defendant's discretion to set the MVA formula gave it sufficient authority over the disposition of these plan assets to make it a pension plan fiduciary under ERISA. Plaintiff relies on Chicago Bd. Options Exch., Inc. v. Connecticut Gen. Life Ins. Co., 713 F.2d 254 (7th Cir. 1983), in which an insurance company and a pension plan entered into a contract which gave the insurance company the unilateral discretion to change the contract in such a way as to lock the plan into a low-yield investment for ten years. The Court found that the insurance company's discretion to change the contract unilaterally was not qualitatively different from the ability to choose plan investments, and thus the defendant could only exercise its discretion in light of ERISA's fiduciary obligations. Id. at 260. Plaintiff argues that defendant's discretion to set the MVA formula upon termination of the GICs gave it sufficient discretionary control over plan assets to create a fiduciary duty under ERISA.
However, in cases where a court has based an ERISA fiduciary duty on the power to alter an investment contract, the relevant contract allowed the contract seller, on its sole initiative, to alter the contract in a manner which would lessen its value to the plan. See e.g., Id.; Associates in Adolescent Psychiatry v. Home Life Ins. Co., 941 F.2d 561, 564 (7th Cir. 1991), cert. denied, 117 L. Ed. 2d 426, 112 S. Ct. 1182 (1992) (contract gave the insurance company the right periodically and unilaterally to change the prospective interest rate); Ed Miniat, Inc. v. Globe Life Ins. Group, 805 F.2d 732, 734, 737-38 (7th Cir. 1986), cert. denied, 482 U.S. 915, 96 L. Ed. 2d 676, 107 S. Ct. 3188 (1987) (contract gave insurance company the right unilaterally to lower the rate of return and increase the premium rate). However, the GICs in this case do not give defendant the right unilaterally to change the contracts to lessen their value to the plan. During the life of the contracts, defendant has no power to alter the GICs without plaintiff's written consent.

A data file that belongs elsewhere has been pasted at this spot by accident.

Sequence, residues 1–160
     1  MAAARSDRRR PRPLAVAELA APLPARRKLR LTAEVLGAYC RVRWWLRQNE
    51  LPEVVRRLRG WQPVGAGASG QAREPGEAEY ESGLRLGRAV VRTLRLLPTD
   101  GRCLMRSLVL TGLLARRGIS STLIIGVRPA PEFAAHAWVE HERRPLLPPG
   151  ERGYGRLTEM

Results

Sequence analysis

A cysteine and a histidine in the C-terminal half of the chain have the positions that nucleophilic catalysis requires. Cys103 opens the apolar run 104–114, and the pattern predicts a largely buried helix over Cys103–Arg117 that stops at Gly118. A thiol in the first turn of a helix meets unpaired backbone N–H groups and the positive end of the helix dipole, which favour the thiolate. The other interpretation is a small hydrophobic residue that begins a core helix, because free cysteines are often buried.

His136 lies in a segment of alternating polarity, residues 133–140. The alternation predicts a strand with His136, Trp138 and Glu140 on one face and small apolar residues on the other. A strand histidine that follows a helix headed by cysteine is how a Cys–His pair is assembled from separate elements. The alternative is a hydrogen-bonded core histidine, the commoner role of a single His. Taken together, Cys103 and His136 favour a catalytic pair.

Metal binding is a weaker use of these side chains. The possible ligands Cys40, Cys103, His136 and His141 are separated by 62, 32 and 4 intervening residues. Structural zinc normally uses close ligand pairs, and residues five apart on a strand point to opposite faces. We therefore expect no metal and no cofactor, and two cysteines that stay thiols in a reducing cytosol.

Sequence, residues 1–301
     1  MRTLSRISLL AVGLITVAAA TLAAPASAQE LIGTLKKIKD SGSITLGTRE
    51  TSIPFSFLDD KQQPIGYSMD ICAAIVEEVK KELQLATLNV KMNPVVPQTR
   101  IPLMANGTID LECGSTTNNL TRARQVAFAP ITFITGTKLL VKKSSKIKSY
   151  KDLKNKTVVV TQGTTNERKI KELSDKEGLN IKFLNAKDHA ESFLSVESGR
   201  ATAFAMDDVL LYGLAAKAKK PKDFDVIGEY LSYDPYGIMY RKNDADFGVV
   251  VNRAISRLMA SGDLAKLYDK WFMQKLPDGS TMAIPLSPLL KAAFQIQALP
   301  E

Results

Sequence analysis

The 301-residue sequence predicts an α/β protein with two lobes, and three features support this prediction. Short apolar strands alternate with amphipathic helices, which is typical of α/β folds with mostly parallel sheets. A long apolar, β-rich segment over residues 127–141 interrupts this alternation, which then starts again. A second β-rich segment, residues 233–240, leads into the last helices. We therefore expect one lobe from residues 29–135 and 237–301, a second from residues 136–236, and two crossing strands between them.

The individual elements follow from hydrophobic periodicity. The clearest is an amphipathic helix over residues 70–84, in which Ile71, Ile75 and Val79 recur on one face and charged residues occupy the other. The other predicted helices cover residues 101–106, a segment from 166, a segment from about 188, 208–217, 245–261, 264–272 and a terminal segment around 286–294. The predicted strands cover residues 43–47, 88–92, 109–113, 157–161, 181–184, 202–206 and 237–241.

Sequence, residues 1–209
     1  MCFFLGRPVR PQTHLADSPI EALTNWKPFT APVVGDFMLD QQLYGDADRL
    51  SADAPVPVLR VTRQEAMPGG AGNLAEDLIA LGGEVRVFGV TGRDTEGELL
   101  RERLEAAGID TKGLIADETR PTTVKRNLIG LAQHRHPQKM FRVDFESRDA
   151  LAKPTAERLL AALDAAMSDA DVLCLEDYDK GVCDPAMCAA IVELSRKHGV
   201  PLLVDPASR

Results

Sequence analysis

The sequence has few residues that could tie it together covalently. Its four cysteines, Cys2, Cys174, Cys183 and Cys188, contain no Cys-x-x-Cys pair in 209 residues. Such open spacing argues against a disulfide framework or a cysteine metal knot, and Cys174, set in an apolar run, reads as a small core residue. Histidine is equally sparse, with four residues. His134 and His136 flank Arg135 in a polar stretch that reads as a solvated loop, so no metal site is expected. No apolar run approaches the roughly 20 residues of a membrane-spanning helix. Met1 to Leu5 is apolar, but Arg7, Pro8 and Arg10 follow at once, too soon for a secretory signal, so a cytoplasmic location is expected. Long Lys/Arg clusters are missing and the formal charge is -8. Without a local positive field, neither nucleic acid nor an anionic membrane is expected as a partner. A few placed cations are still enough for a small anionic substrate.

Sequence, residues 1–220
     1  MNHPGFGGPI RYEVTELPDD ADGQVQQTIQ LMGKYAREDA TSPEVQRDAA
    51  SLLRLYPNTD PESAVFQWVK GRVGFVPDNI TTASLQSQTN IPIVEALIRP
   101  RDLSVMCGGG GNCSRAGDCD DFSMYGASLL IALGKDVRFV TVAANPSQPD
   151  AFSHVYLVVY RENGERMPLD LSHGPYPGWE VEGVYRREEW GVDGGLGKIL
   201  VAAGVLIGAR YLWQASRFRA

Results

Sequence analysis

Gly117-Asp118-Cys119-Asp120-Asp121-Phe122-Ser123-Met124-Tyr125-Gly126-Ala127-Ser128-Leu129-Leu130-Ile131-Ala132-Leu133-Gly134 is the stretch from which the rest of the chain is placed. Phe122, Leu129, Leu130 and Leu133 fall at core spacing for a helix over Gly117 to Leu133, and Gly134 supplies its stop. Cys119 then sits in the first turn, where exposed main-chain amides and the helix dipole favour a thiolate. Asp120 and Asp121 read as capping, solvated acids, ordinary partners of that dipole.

Defendant's discretion to set and calculate the MVA formula only arises after the plaintiff exercises its discretion to terminate the GIC. The Second Circuit has underscored that contracts must be viewed in their entirety in determining whether an insurance company's unilateral discretion is sufficient to create a fiduciary duty under ERISA. Harris Trust, 970 F.2d at 1145-46 (2d Cir. 1992).
Since plaintiff's discretion to terminate the GIC triggers defendant's limited discretion to set the MVA formula, defendant's discretion merely offsets plaintiff's otherwise unrestrained power to terminate the GICs prematurely. We believe this limited discretion is not equivalent to the power to choose plan investments, as in Chicago Bd., and under these circumstances, we do not believe defendant is an ERISA fiduciary.
However, we need not reach this difficult question to dispose of plaintiff's ERISA-based breach of contract theory. ERISA preempts state law claims that relate to an employee benefit plan. 29 U.S.C. § 1144(a). ERISA is the federal statutory scheme which regulates pension plans, 29 U.S.C. § 1001, and consequently all fiduciary duties created by ERISA relate to employment benefit plans. Thus, ERISA preempts plaintiff's state law theory for breach of contract because the claim is based on a breach of duty created by ERISA. Therefore, even if ERISA creates a fiduciary duty for the defendant, ERISA also preempts any state law causes of action for a violation thereof.
Thus this theory does not support summary judgment for plaintiff on the contract claim.
In sum, both parties' motions for summary judgment on the contract claim are denied because they are either legally meritless or raise material issues of disputed fact.
II. Defendant's Motion for Summary Judgment on Fraud and Negligent Misrepresentation Claims
Defendant's motion for summary judgment on fraud and negligent misrepresentation claims is granted because plaintiff did not rely on the alleged misstatements by defendant. Plaintiff must prove detrimental reliance on defendant's material misstatement to sustain an action for either fraud or negligent misrepresentation. Robertson v. Gaston Snow & Ely Bartlett, 404 Mass. 515, 536 N.E.2d 344, 349, cert. denied, 493 U.S. 894, 107 L. Ed. 2d 192, 110 S. Ct. 242 (1989); Zimmerman v. Kent, 31 Mass. App. Ct. 72, 77, 575 N.E.2d 70, 74 (1991) (detrimental reliance an essential element of fraud). Plaintiff bases its claims on defendant's written statements of the original MVA formula in July and August of 1991. Pl's Br. in Opp. at 41. However the undisputed facts show that plaintiff did not rely on these statements in its decision to terminate the contracts.
Senior officials at State Street admitted that they would have terminated the GICs even if the MVAs had been as high as 10%. Gaffney Dep. at 141. This is confirmed by the fact that plaintiff could have withdrawn its termination of the GICs once MONY revealed that the revised MVA's would range from approximately 3.3% to 5.9%,